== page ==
When watching chimps and gorillas you may have noticed that they walk on their knuckles rather than the palms of their hands. While walking on their knuckles they keep their long fingers, which are needed for grasping and climbing tree branches, tucked into their hands. This type of movement, called knuckle-walking, allows them to easily move both in the trees and on the ground. While humans don’t knuckle walk, we, along with chimpanzees and gorillas, are the only animals that hit the ground with their heel first when they are moving. These special adaptations are important for understanding ape behavior and anatomy, as well as how humans and apes evolved. However, little is known about how these postures change over an individual’s lifespan.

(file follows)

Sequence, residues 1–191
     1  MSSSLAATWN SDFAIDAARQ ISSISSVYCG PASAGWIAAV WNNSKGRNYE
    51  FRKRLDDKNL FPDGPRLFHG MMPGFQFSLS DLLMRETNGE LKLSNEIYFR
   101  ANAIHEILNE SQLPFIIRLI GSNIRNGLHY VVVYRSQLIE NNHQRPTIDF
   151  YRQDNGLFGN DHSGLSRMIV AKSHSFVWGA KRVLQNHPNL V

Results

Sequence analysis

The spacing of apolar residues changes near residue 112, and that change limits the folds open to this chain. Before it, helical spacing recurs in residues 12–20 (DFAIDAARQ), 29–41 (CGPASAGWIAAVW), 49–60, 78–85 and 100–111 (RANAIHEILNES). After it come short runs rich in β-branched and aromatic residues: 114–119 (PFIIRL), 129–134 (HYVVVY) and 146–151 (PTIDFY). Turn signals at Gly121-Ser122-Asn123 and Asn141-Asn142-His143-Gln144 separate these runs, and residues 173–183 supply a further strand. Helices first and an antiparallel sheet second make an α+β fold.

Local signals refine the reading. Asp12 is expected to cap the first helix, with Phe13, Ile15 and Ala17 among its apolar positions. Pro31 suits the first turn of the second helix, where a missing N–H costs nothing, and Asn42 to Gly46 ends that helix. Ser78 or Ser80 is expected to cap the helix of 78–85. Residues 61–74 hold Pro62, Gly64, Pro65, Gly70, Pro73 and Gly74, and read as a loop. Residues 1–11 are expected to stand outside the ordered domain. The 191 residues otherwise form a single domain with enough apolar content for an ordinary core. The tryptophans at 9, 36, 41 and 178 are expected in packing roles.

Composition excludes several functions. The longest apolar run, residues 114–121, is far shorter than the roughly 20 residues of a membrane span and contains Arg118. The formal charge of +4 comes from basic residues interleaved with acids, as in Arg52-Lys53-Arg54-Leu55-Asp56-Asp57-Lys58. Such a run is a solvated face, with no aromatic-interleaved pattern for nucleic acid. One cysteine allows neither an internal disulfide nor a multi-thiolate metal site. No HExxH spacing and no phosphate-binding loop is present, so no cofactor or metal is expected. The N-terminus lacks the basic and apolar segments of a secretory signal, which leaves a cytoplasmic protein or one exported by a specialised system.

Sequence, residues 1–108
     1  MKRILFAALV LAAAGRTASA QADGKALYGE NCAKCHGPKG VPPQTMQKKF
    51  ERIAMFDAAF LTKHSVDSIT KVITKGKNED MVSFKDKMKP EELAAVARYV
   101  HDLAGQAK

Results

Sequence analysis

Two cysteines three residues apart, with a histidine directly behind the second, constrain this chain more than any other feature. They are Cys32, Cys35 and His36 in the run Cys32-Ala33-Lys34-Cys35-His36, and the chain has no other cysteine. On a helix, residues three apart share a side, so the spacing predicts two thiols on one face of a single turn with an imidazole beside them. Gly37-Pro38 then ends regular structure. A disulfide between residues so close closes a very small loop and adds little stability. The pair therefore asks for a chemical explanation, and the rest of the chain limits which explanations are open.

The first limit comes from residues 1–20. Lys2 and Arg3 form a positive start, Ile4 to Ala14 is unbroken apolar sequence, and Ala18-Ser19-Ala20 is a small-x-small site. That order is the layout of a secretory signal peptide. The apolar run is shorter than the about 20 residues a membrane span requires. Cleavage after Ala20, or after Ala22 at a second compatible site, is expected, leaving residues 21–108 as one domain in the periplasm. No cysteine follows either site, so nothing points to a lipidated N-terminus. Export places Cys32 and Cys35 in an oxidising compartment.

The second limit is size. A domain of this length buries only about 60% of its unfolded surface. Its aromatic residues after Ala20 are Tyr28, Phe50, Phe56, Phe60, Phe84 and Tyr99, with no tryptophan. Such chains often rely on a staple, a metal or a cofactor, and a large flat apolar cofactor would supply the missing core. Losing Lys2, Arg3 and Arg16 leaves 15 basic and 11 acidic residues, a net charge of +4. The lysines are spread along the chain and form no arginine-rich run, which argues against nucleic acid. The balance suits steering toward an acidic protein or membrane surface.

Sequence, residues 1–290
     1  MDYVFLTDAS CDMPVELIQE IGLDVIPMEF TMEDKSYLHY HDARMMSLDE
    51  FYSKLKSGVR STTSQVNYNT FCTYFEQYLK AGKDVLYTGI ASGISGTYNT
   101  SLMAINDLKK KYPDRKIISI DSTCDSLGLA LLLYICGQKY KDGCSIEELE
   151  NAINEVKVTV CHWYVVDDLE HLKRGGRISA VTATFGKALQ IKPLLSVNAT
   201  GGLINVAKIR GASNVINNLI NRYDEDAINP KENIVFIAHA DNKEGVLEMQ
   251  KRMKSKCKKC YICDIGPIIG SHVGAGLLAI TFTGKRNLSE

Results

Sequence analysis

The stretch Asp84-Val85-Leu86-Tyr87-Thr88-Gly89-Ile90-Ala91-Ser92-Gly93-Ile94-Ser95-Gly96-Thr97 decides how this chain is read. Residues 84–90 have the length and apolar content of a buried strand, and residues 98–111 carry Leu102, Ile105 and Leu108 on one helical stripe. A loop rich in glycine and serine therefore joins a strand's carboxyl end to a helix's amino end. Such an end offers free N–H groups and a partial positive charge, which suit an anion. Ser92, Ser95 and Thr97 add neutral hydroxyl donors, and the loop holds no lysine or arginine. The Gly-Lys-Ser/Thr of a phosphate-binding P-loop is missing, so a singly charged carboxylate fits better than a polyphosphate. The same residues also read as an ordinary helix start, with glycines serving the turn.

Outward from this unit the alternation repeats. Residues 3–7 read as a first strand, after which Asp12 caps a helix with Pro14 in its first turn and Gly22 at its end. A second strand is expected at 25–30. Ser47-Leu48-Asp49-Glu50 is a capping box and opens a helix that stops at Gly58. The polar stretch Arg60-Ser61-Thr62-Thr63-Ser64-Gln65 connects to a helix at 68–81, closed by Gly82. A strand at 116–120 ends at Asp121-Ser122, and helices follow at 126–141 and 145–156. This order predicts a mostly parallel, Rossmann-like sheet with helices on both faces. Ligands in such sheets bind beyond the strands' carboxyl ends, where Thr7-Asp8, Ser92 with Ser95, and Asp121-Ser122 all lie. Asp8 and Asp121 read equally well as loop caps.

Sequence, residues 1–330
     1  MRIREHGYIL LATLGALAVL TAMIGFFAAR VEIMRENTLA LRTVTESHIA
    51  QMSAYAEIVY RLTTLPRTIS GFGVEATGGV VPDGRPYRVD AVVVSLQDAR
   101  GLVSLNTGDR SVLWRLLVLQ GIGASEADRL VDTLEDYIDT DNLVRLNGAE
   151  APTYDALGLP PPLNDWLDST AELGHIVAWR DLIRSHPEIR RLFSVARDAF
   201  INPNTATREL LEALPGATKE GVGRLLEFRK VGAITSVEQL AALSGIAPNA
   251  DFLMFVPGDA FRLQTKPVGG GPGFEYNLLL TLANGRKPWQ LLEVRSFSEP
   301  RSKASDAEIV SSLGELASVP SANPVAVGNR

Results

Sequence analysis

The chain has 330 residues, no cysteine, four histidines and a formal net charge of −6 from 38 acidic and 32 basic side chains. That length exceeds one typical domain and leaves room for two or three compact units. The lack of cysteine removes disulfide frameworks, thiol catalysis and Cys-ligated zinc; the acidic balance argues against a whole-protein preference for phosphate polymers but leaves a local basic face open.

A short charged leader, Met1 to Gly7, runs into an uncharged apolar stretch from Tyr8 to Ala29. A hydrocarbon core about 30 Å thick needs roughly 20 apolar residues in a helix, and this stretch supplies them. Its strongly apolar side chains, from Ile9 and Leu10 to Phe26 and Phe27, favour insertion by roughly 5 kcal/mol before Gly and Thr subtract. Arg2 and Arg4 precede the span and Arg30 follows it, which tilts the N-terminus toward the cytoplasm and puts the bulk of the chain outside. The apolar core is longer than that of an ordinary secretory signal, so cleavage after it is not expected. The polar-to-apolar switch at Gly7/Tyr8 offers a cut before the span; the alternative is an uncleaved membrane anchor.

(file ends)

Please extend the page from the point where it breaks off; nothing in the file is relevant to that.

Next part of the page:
Postdoctoral researcher Angel Zeininger of Duke University has been studying the North Carolina Zoo’s chimpanzee and gorilla troops, including four young chimpanzees and three young gorillas, in order to shed more light on how their posture and movement develop and what those developments mean for the evolution of knuckle-walking. The study will also offer insights into African apes’ ability to move in a variety of different habitats, as well as to determine critical periods in an ape’s locomotive development when changes occur. This information will help us to better understand the habitat needs of chimpanzees and gorillas, both in the wild and in zoos.